Cambridge Entomological Club, 1874
PSYCHE

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P. J. Darlington, Jr.
Two New Tiger Beetles from New Guinea.
Psyche 54(4):241-245, 1947.

This article at Hindawi Publishing: https://doi.org/10.1155/1947/97469
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TWO NEW TIGER BEETLES FROM NEW GUINEA1
BY P. J. DARLINGTON, JR.
Museum of Comparative Zoology, Cambridge, Mass. The following two new species of the well-studied fam- ily Cicindelidae are of unusual interest. One is the second known species of Caledonomorpha, the only genus of the family confined to New Guinea. The other consti- tutes the first record for New Guinea of the widely dis- tributed genus Prothyma.
Caledonomorpha milneana n. sp. (Fig. 1)
Similar in generic characteristics, and nearly similar in form and general appearance, to Caledonomorpha jor- dani W. Horn (1897, pp. 270-271; 1910, p. 179, t. 11, f. 12), but slightly smaller and less elongate. Color of body green ; but labrum testaceous basally; top of head (except labrum) and pronotum (except at sides) bluish purple; elytra brown with bluish or purplish reflections and green punctation, and each elytron with 3 small marginal or submarginal white spots, one humeral, one before middle, one ante-apical; abdomen piceous except green at sides anteriorly, testaceous apically. Surf ace of body inelud- ing elytra with distinct, fine, isodiametric or slightly transverse, reticulate microsculpture. Mandibles piceous, except testaceous externally in basal half; palpi testa- ceous, each with apical segment entirely or partly pice- ous ; antennas piceous ; legs piceous externally (with green reflections on basal half of femora), testaceous in- ternally. Head: with mandibles elongate, each with 4 long teeth about as in jordani; mentum tooth long and acute ; labrum transverse, not quite so short as in jordani, irregularly truncate, with one seta each side and 2 near middle ; eyes prominent ; antennas very elongate ; palpi long, slender. Prothorax subquadrate, longer than wide, transversely impressed and slightly constricted near base and apex, with median longitudinal line less impressed; 1 Published with a grant from the Museum of Comparative Zoology at Harvard College.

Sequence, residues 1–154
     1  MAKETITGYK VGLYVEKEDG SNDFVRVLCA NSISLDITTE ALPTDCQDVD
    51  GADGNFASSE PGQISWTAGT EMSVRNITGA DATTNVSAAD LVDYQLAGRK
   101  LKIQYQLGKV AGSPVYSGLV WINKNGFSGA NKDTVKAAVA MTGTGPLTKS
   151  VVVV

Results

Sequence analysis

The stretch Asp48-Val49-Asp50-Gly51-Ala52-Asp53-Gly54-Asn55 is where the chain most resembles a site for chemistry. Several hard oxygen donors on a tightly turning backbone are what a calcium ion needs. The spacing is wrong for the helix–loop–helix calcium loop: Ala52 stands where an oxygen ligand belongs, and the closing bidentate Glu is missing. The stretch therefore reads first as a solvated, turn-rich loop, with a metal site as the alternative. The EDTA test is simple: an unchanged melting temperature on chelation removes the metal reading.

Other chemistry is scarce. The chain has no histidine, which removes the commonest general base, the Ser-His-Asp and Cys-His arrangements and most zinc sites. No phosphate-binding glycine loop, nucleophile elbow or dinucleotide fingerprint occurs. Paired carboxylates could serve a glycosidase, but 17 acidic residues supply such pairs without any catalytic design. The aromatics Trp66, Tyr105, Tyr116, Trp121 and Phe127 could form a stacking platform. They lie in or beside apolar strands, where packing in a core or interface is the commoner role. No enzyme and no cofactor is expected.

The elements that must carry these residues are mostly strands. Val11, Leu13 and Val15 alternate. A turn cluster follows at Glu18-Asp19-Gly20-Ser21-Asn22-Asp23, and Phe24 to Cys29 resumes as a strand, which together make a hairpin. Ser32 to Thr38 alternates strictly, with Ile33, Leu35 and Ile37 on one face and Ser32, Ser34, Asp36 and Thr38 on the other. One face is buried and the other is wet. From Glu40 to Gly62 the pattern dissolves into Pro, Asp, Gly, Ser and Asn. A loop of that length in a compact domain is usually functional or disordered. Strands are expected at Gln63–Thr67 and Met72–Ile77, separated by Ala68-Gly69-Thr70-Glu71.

241




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242 Psyche [Dee.
disk slightly, transversely wrinkled, impunctate. Elytra
~-elatively a little shorter than in jordani; each with outer apical angle spined, sutural angle not distinctly toothed, humeral prominence present but less developed and less acute than in jordan;; surface moderately punctate, the punctures usually separated from each other by more than their own diameters. Male genitalia as figured. Length 10-11; width between 3 and 34 mm. Holotype if and one <? paratype bothfrom north side of Milne Bay, eastern tip of New Guinea, December 1943, taken by myself. Types in the Museum of Comparative Zoology : Type No. 27734.
This new species is slightly smaller and less elongate than Caledonomorpha jordani W. Horn, differs in ground color of the upper surface, lacks a distinct tooth at the apical sutural angle of the elytron, has less prominent and less acute humeral prominences, and differs slightly in other ways.
Caledonomorpha is the only genus of tiger beetles peculiar to New Guinea. C. jordani, the only previously known species, is apparently confined to eastern New Guinea and adjacent small islands. It was described from ergu us son (Island) and the Astrolabe Mts., and in the M.C.Z. we have a series of 8 specimens from Mt. Lamington and Dobodura. It is rather surprising to find a second eastern New Guinea species at Milne Bay. In case Horn's original series may have been mixed, I here designate the form figured in Genera Insectorurn (V. Horn 1910, t. 11, f. 12) as typical jordani. Possibly additional species remain to be discovered in western New Guinea.
I collected C. jordani, in northern foothills of the Owen Stanley Range near Dobodura, on stones and shrubs along small, very rapid brooks in heavy forest. Probably
C. milneana lives in a similar habitat, although I do not remember the circumstances under which the types were collected.
Prothyma papua n. sp. (Fig. 2)
A rather small Prothyma s. s.
Brown-bronze above,




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19471 DarlingtonĖÔTige Beetles 243